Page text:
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Wednesday, July 29, 2020

Huh?!

The title at the bottom of this post card says, "THRILLING ONE ACT
DRAMA ENTITLED "THE RULER, THE COLLAR AND THE MURPHIES. OR WHY THE SMITHS LEFT HOME AND TRAVELED BY THE NORTHERN PACIFIC RAILWAY." I found this to be a rather enigmatic sentence. I can see the connection between the ruler and the dollar coin; they are there to give perspective to the size of the potatoes. Even having said that, I believe there may have been some "graphic design" liberties being taken regarding the actual sizes of the elements. On the other hand, I have seen some rather large Idaho potatoes. This picture may be legitimate!! No matter. The picture and the phrasing got me to do some research. Here is what I found:
....1) The post card was mailed on May 13, 1910 so I looked up the dollar coin that was circulating in 1910. The coin was 38.1 millimeters (1.5 inches) in diameter - take a look at the ruler and coin; it is accurate! - and 2.4 millimeters thick. It was composed of silver (90%) and copper (10%). The mints in Carson City, Denver, New Orleans, Philadelphia and San Francisco all minted the coin. It is called the Morgan dollar coin because it was designed by George T. Morgan. This website contains lots of information about the history of the dollar coin: https://en.wikipedia.org/wiki/Morgan_dollar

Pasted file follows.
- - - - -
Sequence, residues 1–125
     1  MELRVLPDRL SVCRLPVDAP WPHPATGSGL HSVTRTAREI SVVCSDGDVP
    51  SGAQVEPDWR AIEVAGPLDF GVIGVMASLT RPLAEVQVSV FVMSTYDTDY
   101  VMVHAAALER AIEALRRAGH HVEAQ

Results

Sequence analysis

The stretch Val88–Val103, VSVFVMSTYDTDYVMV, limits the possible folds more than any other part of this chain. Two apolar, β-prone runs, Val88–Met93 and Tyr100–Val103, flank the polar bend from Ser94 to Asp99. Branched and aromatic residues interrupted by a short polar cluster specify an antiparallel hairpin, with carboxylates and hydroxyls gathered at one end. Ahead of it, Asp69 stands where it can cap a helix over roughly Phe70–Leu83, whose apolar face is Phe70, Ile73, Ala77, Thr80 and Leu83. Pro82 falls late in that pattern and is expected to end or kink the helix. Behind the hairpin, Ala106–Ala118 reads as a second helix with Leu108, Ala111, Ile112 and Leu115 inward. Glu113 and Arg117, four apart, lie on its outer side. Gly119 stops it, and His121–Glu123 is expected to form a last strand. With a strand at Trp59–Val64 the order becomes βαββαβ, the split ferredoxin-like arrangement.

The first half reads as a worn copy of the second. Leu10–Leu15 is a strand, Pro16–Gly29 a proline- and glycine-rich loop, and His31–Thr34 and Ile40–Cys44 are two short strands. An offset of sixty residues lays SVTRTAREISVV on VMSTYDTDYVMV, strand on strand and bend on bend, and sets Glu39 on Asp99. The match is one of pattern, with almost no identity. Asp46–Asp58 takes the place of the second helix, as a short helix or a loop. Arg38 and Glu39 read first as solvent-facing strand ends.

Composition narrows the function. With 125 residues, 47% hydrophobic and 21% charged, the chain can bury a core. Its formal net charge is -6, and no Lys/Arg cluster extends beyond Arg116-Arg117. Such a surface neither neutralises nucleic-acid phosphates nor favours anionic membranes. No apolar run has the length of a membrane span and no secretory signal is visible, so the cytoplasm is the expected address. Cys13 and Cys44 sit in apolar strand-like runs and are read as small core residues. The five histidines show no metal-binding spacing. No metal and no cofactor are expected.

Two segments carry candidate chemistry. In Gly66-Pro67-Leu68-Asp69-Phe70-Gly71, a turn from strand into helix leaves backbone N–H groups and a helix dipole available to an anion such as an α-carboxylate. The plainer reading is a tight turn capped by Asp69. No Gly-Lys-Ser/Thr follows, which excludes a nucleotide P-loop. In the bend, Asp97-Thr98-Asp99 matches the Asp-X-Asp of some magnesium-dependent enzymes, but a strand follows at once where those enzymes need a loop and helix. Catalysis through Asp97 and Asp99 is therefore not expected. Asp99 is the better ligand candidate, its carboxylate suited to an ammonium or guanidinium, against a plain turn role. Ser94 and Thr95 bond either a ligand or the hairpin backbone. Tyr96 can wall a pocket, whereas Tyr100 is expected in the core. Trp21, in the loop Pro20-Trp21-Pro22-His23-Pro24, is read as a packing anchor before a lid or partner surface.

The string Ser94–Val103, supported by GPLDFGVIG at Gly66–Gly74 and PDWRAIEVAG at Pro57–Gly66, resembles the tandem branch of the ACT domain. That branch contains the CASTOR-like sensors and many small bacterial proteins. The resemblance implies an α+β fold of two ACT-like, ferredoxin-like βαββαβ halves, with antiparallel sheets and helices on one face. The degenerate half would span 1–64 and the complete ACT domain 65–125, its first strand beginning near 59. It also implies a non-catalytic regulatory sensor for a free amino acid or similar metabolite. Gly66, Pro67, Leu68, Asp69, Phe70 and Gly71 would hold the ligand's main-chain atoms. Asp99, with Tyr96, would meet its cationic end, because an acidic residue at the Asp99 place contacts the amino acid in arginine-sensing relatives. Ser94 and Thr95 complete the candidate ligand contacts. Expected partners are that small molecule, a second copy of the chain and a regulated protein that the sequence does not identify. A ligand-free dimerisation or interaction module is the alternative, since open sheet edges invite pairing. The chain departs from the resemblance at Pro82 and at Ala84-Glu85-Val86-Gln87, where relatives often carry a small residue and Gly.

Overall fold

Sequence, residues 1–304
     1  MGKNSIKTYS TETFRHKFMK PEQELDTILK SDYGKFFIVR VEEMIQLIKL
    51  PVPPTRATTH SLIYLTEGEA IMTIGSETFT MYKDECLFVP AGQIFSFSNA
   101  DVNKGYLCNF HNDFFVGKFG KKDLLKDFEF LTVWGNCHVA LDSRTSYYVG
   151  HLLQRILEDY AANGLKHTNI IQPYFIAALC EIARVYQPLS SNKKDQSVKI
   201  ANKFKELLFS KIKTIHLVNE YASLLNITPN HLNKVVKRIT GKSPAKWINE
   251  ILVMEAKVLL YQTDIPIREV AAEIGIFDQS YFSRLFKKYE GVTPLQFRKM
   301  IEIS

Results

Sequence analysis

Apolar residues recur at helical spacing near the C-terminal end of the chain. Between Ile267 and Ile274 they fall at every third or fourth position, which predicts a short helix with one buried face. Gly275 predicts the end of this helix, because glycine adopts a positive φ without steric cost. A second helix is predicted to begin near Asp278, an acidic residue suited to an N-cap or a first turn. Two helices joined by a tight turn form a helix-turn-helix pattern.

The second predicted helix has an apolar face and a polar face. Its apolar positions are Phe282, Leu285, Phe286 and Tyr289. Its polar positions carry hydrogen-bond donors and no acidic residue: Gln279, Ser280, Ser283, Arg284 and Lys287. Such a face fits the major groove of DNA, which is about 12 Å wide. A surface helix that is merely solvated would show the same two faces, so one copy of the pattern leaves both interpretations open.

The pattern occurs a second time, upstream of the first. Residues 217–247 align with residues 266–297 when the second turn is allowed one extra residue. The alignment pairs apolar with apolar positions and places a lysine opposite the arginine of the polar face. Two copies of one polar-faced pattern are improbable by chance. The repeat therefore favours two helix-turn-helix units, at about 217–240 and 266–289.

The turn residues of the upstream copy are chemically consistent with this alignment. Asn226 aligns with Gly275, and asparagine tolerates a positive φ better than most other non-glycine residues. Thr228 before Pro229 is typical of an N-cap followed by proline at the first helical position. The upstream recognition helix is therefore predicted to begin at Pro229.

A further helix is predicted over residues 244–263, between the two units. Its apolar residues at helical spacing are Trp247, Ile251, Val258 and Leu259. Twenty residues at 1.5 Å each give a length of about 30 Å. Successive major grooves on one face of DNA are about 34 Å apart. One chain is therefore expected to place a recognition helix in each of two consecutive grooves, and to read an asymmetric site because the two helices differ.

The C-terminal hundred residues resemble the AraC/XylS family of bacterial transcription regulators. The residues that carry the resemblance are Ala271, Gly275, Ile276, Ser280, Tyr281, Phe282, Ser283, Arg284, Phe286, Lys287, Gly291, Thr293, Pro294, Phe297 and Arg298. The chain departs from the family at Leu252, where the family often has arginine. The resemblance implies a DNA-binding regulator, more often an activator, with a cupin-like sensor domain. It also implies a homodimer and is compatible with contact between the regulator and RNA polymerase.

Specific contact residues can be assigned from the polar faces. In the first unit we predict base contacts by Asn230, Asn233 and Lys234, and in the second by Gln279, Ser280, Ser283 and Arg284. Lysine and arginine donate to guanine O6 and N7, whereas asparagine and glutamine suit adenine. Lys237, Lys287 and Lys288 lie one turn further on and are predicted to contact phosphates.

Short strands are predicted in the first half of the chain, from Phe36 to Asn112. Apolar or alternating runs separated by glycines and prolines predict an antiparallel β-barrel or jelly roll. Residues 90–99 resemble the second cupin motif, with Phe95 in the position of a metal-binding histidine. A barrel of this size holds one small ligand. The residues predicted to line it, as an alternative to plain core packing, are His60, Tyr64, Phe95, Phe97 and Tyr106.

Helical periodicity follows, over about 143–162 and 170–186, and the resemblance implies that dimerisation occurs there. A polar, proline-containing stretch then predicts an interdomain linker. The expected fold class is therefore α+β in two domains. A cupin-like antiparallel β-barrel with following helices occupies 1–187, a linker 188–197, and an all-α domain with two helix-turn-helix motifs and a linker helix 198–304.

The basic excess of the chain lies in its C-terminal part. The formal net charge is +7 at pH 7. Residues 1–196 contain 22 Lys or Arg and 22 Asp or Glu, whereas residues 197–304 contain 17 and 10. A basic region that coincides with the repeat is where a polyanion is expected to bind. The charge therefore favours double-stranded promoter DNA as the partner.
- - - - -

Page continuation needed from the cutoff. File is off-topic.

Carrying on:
....2) Who are the Murphies? My research has shown me that the Murphies being referred to on this post card are NOT PEOPLE at all. It turns out that Murphy is slang for potato! Between 1820 and 1930 4.5 million Irish people immigrated into the United States. Between 1820 and 1860 they were 1/3 of all the immigrants and in the 1840s they were half of all immigrants. Murphy was a common name shared amount the Irish immigrants. People started to say that the Irish were as plentiful as potatoes. The next leap in parlance was to simply call the potatoes Murphies.
....3) The logo in the top right-hand corner is that of the Northern Pacific Railroad. The railroad charter was approved by Congress in 1864 and it stretched from the Great Lakes to the Pacific Northwest. It had almost 11,000 kilometers (6,800 miles) of track when in 1883 former US president Ulysses S. Grant drove in the last spike. The route through the Pacific Northwest took the track right into the heart of potato growing farmland. Thus, using the potato on the front of a post card with their logo makes perfectly good sense. In fact, the phrasing at the bottom, not so subtly, suggests that you follow the Smiths' good example and take the train to the land of potato plenty.

The back of the post card is trying to continue the potato theme.
Spud is another nick-name for potato. And, notice that Doctor Spud is on the Scenic Highway through the Land of Fortune? This is the same location through which the Northern Pacific Railroad just happened to have been laid. This is the entire back of the post card:
One last interesting item on the post card. Look again at the top picture of the front of the post card. There is a small dot in the bottom right-hand corner. I could not make it out with my large magnifying glass, so I blew it with my scanner.
This is what it looks like: I have no idea what it is, except, maybe, the printer's mark. If it is the printer's mark, my guess is that the printer's name started with an S.



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If you know anything about the history of the cards, the trains or the locations, please add them.